Thank you Mr. Smith!

Tuesday, June 6, 2017

Meddlesome Malaise

I have discovered that amongst all my other ailments I suffer from yet another newly realized, and most wearisome malady. Styx Syndrome, AKA “Too Much Time on My Hands.” Being a gentleman of enforced leisure (medical retirement) who is ofttimes confined to my Sanctum Sanctorum due to my infirmities, my mind works in excess of necessity. There are so many things that occur to me, especially as a writer, which might fill the void I find it irksome not being able to ascertain what to next do. Having finished a story that took its own sweet time coming to me and my fingers I plunged into a period of reflective entropy. The query “what’s next” enveloped my being, as it always does between writing adventures, and I searched for the answer to that most bothersome query.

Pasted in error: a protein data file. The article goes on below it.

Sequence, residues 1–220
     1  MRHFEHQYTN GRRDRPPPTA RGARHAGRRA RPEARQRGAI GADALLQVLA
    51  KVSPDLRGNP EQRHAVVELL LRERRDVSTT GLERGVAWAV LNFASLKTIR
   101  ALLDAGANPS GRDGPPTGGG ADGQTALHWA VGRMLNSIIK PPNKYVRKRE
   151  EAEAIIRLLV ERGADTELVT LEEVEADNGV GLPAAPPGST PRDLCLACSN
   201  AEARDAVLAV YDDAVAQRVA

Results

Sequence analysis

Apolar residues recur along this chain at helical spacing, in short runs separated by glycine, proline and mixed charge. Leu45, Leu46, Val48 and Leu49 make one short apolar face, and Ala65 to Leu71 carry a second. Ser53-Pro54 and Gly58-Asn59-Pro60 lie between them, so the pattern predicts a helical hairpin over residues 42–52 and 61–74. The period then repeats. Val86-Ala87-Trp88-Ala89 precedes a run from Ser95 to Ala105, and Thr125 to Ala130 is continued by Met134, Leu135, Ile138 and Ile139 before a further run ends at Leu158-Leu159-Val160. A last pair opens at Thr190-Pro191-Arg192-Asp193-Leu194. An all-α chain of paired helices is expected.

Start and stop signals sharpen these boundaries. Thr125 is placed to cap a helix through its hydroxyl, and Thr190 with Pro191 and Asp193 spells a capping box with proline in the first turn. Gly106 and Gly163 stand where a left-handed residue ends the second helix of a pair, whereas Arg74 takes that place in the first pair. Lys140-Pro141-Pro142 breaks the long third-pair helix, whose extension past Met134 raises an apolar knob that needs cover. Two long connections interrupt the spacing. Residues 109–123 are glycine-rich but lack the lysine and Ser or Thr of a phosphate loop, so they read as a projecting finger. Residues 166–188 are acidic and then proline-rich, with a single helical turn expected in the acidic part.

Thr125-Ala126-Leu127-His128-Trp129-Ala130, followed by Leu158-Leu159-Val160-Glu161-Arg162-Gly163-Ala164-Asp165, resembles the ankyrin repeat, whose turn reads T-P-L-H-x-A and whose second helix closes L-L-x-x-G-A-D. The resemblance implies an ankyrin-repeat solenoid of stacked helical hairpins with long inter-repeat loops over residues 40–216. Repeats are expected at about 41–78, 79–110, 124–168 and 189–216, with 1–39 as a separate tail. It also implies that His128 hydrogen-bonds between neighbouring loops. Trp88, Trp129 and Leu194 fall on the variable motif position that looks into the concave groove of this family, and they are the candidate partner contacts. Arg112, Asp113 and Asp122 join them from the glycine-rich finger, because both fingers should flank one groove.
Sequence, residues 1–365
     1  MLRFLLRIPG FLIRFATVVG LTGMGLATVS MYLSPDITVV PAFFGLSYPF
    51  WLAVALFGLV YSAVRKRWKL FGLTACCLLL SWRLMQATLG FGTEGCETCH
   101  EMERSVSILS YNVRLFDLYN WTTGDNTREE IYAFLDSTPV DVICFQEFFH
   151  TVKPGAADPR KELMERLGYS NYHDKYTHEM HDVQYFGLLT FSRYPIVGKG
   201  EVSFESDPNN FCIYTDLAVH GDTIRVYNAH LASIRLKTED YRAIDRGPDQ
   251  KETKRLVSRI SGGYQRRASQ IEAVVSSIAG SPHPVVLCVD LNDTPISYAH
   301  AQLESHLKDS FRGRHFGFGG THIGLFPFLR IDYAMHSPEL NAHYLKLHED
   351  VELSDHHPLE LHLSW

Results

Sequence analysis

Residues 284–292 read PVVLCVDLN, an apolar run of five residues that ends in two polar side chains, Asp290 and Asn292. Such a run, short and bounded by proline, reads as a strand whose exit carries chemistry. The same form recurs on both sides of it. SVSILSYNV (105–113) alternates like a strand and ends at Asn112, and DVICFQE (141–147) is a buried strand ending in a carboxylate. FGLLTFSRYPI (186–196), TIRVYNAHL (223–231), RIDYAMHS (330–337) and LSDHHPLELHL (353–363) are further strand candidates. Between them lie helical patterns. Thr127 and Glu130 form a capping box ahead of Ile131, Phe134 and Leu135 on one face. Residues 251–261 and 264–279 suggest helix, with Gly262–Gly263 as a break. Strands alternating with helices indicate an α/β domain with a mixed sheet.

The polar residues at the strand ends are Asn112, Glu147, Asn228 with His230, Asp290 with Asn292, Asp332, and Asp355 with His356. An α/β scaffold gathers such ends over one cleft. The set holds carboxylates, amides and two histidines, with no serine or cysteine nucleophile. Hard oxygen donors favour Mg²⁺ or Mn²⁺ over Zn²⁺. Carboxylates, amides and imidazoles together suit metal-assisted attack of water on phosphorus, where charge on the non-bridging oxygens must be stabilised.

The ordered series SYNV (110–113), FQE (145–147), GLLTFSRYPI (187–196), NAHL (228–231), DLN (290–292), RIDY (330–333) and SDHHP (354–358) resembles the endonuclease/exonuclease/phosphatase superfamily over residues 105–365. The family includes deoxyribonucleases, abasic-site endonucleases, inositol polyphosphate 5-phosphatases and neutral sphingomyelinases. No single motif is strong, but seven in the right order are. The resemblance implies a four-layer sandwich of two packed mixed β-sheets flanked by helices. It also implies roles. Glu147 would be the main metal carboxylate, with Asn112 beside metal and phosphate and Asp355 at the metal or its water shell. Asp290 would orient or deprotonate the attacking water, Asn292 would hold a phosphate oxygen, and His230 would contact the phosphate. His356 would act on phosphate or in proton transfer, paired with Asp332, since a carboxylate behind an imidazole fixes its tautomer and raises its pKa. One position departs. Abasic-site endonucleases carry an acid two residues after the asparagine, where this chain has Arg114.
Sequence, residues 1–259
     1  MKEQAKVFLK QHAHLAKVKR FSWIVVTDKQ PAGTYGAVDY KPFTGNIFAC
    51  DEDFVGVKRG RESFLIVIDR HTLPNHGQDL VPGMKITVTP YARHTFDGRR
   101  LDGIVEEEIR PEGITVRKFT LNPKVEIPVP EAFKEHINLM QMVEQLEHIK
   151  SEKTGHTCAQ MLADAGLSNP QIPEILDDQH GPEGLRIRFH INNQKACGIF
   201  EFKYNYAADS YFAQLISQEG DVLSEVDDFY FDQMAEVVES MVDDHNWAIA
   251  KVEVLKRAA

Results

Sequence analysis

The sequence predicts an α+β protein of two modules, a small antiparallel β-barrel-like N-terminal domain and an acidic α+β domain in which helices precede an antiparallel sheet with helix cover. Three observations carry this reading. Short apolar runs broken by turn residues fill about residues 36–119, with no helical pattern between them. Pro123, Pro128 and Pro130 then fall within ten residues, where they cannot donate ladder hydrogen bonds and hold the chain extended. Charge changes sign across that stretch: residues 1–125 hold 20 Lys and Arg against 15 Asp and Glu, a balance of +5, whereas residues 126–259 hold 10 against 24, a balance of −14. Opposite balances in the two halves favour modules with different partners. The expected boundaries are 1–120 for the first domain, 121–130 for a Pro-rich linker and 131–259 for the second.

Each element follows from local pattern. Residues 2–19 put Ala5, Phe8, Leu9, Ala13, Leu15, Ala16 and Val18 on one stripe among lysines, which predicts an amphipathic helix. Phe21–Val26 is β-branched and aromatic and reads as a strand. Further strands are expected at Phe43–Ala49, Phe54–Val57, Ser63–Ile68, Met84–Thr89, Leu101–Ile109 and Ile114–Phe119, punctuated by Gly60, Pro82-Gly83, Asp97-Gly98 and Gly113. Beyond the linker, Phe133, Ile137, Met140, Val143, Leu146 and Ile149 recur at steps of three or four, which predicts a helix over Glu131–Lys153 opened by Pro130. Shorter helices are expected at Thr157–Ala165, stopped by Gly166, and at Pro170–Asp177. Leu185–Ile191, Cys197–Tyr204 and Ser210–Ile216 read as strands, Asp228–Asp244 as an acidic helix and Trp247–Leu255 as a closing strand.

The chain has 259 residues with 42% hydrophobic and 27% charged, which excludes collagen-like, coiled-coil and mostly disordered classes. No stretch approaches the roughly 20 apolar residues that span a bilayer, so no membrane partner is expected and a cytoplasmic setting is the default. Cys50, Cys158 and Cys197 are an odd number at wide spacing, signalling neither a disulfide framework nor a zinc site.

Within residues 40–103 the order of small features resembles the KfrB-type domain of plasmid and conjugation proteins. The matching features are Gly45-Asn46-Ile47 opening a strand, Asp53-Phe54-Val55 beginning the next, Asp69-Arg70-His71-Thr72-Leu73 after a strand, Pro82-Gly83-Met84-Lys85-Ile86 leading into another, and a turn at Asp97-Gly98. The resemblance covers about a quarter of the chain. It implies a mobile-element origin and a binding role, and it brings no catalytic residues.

Then the light bulb over my head popped on in all its 1000 watt brilliance…READ!
Being what I believe to be the preeminent state in which to exist in, a thinking man, I indulged my first love and delved into tomes with the loftiest paradigms. What is the meaning of life? In my six plus decades of verve this has always proven to be the most difficult of pursuits. The question has been taken up and discarded an equal amount of times along the way to this writing. There were times when I failed to answer it. There were times when the solution was crystal clear. Neither way held much solace for me. Interruptions in this quest have interfered from time to time. Wearisome items such as earning a living, paying the electricity bill, finding a new job, reading rejection letters of my self-acclaimed works of everlasting wisdom, the discovery of a new love, the grief of associated with the loss of a cherished loved one, and all the other mundane realities that probably answer way more eloquently than I what exactly is the meaning of life.